The anxious heartbeat of Ukrainian Kharkiv

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Ukraine War Keyboard Warrior

KHARKIV – NEWS – For the past two days, I have been reminiscing about episodes of pre-war reportages from our region when self-confident elderly residents of Kharkiv responded to journalist’s questions in an arrogant and ironic tone:

Translation of an aricle by Ihor Isichenko, an archbishop of the Ukrainian orthodox church, published in the “Ukrayinska Pravda” newspaper on the 1st of March.

– What are you even talking about? What war? With whom? With Russia? Don’t be ridiculous!

Indeed, just a week ago, for the vast majority of our countrymen and women, rumors about the aggression of Russia seemed absurd. They have been brought up surrounded by Russian culture, they mainly or exclusively spoke Russian, felt no civilizational barriers with Russia, where nearly every resident of Kharkiv has relatives and friends.

They couldn’t imagine the reasons for war. Donbas seemed to be somewhere far away. It was convenient to hide from war over there in everyday life with a flat, a car, some work, children, grandchildren, maybe business… And the conflict could have been explained as a misunderstanding between the elites.

All of a sudden, absurdity ended up being a reality.

For the sixth day already we are living under the rhythmic accompaniment of explosions, the first of which could be heard at dawn on February 24th. Dozens of civilians are already dead. Hundreds are injured.

Having lost faith in attempts to overcome the armed resistance of Ukrainians, the aggressor started destroying their homes, killing women and children.

Maybe strategists of the Kremlin, in captivity of their pseudo-historical illusions, actually imagined Kharkiv as a “Russian city” waiting for “liberators”. But they have made a mistake. Because even in the last century, one of the prominent poets from Kharkiv, Borys Chychybabin, wrote about his hometown: “A city with the Russian tongue but with Ukrainian heart”.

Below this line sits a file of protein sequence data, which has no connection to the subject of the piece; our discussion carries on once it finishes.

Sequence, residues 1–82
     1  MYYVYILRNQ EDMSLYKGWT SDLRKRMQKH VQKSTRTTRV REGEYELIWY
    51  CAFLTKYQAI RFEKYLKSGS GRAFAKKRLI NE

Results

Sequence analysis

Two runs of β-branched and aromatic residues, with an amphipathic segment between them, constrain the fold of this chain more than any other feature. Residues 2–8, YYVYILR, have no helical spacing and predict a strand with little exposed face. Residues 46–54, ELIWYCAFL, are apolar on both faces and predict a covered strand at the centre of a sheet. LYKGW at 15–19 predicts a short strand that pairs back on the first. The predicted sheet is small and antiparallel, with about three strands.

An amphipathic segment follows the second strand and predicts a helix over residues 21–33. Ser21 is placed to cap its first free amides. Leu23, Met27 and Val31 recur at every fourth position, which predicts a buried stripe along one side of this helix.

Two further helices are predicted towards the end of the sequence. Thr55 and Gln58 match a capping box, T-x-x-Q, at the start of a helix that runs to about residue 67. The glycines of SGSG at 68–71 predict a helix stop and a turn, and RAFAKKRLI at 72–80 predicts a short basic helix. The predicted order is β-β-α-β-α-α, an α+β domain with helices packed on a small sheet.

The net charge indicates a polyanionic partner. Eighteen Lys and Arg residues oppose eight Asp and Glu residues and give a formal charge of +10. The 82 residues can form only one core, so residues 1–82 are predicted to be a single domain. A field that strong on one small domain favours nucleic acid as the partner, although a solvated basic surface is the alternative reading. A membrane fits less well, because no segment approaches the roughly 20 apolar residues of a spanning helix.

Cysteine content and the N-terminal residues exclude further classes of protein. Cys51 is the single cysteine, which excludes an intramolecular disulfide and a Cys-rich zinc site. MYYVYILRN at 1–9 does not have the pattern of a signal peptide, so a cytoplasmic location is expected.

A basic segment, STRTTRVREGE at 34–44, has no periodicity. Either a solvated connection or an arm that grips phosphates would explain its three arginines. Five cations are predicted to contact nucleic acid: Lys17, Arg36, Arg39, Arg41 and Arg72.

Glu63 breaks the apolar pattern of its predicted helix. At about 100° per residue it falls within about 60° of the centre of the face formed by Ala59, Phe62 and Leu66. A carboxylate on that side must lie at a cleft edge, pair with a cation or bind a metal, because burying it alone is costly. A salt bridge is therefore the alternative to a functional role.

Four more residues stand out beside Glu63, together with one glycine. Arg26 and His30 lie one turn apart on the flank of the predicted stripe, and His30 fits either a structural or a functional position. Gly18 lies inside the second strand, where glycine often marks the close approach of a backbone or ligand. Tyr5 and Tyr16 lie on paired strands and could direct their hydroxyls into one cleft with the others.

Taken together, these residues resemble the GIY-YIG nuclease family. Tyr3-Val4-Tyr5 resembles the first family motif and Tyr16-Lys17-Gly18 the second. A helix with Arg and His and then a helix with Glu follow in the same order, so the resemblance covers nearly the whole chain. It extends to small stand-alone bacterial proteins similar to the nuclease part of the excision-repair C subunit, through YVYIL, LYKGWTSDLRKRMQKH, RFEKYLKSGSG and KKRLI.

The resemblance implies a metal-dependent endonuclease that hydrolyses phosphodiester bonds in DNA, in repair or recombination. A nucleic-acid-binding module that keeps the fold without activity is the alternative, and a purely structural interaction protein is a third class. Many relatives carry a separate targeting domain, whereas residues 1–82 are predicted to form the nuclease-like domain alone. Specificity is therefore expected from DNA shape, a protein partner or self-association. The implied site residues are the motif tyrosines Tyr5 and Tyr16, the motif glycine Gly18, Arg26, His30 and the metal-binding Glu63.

Indeed, the amount of the Russian language in Kharkiv has decreased within the last few years. And yet, it keeps prevailing. However, the linguistic atmosphere in no way reflects the climate of the worldview.

Since its foundation, Kharkiv has been proud of its freedoms. 

Its first residents came from Dnipro Ukraine to the Wild Fields to turn virgin lands into Sloboda Ukraine — the land of “sloboda”, or free settlements united into Cossack regiments.

In Sloboda Ukraine, the talent of the unique philosopher Hryhoriy Skovoroda was revealed. Here in the 19th century, emerged Ukrainian romanticism and the patriotic movement related to it.

At the beginning of the 20th century in Kharkiv, the motto “One, united, undivided, free, independent Ukraine” sounded for the first time. Even under the Bolshevik occupation, Kharkiv became the center of avant-garde art in the 1920s.

Freedom-loving Kharkiv has always cherished (maybe even secretly from prying eyes) its sense of “Ukrainianness”. 

Patriotism here is special, not declarative, quite apolitical. Most people have a resistant immunity to political demagogy. 

Patriotism in Kharkiv can be described with a phrase: “Don’t hinder me from living in the way I want”.

However, “living the way they want” suddenly became impossible. The rhythm of life developed over the years has been destroyed. In order to buy some bread, water, and medicine, one has to stay in long lines, while being in danger of being bombarded. At night, one cannot sleep because of the fire of  “Grads”.

Fleeing to the west makes one doom to uncertainty, leaving everything that had value until recently. How can a child not cry about a cat that was abandoned in a flat, which is being bombarded?

It is hard to comprehend the number of tragedies that many families have experienced these last days. Not only those families which suffered losses or injuries — about them it goes without saying.

A flat, which took somebody ages to save money for, was instantly lost. Destroyed property. A burnt-down car. Let’s take a close look at these tragic personal stories. Not one from a distance of political strategies — let’s feel the despair of the offended.

Despair and fury. Fury that is washing off pretend indifference. While being in this just fury, the Ukrainian heart of Kharkiv is beating increasingly louder to every explosion of the enemy’s missiles.


Article is provided by representatives of Kyiv-Mohyla University who have made their services available to provide accurate, timely, on-the-ground reporting about the war in Ukraine, including nuanced localized ongoing updates on what is happening across the country, as well as commentary and analysis.